Providers worry Ohio derailment behind swath of respiratory issues, other ailments

Medical professionals believe the train derailment in East Palestine, Ohio, is behind a number of health issues residents are now experiencing, NBC News reported Feb. 25. 

In the weeks since a Norfolk Southern train transporting six hazardous industrial chemicals derailed in East Palestine, Ohio, NBC spoke to residents living and working in the area who have been diagnosed with bronchitis and other issues. 

Among them are several workers at CeramFab, a manufacturing company adjacent to the site, who have been diagnosed with chemical bronchitis. The company's general manager, Howard Yang, said operations were suspended for about a week after the Feb. 3 derailment. Within days of resuming work, employees started "dropping like flies," with symptoms including rashes, eye issues, vomiting and coughing, Mr. Yang told NBC

Affected individuals were sent to the hospital and most were diagnosed with "chemical bronchitis," he said. NBC was unable to independently verify residents' diagnoses, though reporters spoke to healthcare providers in the region who believe the ailments are linked to toxic chemicals that were released during a controlled burn after the train derailed. One of those chemicals was vinyl chloride, a carcinogen.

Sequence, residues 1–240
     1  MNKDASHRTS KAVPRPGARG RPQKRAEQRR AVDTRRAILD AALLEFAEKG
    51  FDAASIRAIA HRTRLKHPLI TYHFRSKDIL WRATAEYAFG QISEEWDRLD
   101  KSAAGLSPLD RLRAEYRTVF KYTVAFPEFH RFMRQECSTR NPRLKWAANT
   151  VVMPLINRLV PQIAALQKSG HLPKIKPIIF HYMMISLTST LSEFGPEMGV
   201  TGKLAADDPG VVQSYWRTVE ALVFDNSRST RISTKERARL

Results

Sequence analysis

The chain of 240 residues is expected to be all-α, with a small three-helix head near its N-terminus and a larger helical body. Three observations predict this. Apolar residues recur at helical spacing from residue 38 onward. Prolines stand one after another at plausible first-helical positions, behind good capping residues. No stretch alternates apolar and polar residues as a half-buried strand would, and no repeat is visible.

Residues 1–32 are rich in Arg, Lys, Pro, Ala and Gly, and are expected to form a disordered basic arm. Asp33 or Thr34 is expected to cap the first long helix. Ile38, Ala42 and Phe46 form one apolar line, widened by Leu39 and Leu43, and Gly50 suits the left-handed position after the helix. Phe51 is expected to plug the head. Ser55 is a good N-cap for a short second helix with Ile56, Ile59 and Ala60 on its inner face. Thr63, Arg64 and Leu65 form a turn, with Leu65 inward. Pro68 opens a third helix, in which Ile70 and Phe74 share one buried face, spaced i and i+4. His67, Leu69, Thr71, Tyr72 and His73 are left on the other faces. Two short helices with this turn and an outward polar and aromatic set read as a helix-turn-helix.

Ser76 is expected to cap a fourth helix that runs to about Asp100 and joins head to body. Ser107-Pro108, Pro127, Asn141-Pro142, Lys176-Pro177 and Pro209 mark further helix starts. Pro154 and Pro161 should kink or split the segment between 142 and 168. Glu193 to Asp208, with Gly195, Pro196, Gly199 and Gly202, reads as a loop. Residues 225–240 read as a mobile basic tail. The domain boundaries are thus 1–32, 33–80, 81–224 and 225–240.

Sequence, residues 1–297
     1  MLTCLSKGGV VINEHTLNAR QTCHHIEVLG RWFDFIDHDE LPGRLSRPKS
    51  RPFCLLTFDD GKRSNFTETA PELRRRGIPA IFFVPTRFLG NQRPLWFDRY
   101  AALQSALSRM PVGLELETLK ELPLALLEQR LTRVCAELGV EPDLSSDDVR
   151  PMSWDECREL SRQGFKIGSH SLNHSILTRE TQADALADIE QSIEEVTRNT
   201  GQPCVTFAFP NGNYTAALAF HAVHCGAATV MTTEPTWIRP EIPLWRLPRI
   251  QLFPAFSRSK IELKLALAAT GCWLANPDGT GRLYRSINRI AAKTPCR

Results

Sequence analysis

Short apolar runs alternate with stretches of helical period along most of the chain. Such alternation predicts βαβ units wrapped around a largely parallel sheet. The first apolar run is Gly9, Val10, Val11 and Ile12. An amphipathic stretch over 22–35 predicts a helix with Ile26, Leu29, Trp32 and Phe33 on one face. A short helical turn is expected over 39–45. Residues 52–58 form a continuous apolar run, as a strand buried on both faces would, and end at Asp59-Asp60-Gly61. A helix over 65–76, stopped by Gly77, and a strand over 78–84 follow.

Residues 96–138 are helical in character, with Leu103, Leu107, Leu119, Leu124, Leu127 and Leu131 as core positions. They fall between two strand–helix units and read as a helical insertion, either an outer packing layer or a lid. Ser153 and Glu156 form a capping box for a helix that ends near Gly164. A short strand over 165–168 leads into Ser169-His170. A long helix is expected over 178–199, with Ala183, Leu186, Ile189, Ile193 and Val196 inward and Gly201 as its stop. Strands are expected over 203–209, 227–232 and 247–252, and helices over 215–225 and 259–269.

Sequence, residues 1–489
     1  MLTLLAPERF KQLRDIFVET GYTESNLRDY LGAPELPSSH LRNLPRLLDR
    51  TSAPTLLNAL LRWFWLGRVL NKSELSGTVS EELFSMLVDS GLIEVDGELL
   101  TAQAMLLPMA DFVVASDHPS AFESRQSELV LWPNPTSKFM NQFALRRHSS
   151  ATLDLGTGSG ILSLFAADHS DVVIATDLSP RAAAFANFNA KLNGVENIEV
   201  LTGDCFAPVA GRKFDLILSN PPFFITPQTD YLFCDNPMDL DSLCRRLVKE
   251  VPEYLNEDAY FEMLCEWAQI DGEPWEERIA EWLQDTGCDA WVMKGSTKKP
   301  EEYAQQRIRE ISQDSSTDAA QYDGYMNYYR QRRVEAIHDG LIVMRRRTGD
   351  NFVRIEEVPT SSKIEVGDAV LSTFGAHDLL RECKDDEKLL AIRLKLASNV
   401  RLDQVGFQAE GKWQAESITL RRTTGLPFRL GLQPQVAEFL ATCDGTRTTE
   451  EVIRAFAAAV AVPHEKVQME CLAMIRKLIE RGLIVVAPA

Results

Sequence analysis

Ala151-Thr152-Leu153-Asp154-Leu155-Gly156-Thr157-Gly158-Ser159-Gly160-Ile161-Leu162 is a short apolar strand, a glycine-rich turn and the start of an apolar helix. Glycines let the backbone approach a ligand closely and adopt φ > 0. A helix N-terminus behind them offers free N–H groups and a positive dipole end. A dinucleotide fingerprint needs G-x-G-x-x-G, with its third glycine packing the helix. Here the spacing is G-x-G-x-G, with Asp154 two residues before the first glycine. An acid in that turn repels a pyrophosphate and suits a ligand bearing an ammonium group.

Deborah Weese, APRN, a nurse practitioner at an urgent care clinic close to East Palestine, has been seeing between five and 10 people per day with symptoms consistent with chemical exposure. 

"They're complaining of burning to their lungs, nasal drainage, eyes burning, throat pain, unknown rashes that have started since they've been back to their homes," she told NBC.

Meanwhile, James Kravec, MD, chief clinical officer for Cincinnati-based Mercy Health, which includes a primary care office in East Palestine and a nearby hospital, said the system has seen more patients from East Palestine in the past few weeks than it has over the last few months. 

The Environmental Protection Agency maintains no air quality hazards have been detected and that municipal drinking water is safe. The CDC has sent a team of 19 epidemiologists and health scientists to assess potential health risks and conduct resident interviews. 

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